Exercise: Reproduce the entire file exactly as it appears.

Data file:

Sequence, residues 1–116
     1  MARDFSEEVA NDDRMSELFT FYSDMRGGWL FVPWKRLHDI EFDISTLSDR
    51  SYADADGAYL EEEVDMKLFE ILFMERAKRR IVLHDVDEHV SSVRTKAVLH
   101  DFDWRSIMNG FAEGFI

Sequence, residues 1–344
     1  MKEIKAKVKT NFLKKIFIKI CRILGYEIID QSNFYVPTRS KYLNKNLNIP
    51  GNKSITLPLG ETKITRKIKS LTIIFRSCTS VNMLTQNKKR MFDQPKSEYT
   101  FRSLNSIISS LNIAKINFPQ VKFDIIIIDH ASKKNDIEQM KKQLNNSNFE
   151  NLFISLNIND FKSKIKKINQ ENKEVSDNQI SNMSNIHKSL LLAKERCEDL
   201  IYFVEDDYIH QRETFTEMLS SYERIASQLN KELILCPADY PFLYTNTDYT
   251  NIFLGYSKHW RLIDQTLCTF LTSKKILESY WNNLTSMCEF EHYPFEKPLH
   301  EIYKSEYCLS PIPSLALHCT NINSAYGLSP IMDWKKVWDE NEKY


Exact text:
Sequence, residues 1–116
     1  MARDFSEEVA NDDRMSELFT FYSDMRGGWL FVPWKRLHDI EFDISTLSDR
    51  SYADADGAYL EEEVDMKLFE ILFMERAKRR IVLHDVDEHV SSVRTKAVLH
   101  DFDWRSIMNG FAEGFI

Sequence, residues 1–344
     1  MKEIKAKVKT NFLKKIFIKI CRILGYEIID QSNFYVPTRS KYLNKNLNIP
    51  GNKSITLPLG ETKITRKIKS LTIIFRSCTS VNMLTQNKKR MFDQPKSEYT
   101  FRSLNSIISS LNIAKINFPQ VKFDIIIIDH ASKKNDIEQM KKQLNNSNFE
   151  NLFISLNIND FKSKIKKINQ ENKEVSDNQI SNMSNIHKSL LLAKERCEDL
   201  IYFVEDDYIH QRETFTEMLS SYERIASQLN KELILCPADY PFLYTNTDYT
   251  NIFLGYSKHW RLIDQTLCTF LTSKKILESY WNNLTSMCEF EHYPFEKPLH
   301  EIYKSEYCLS PIPSLALHCT NINSAYGLSP IMDWKKVWDE NEKY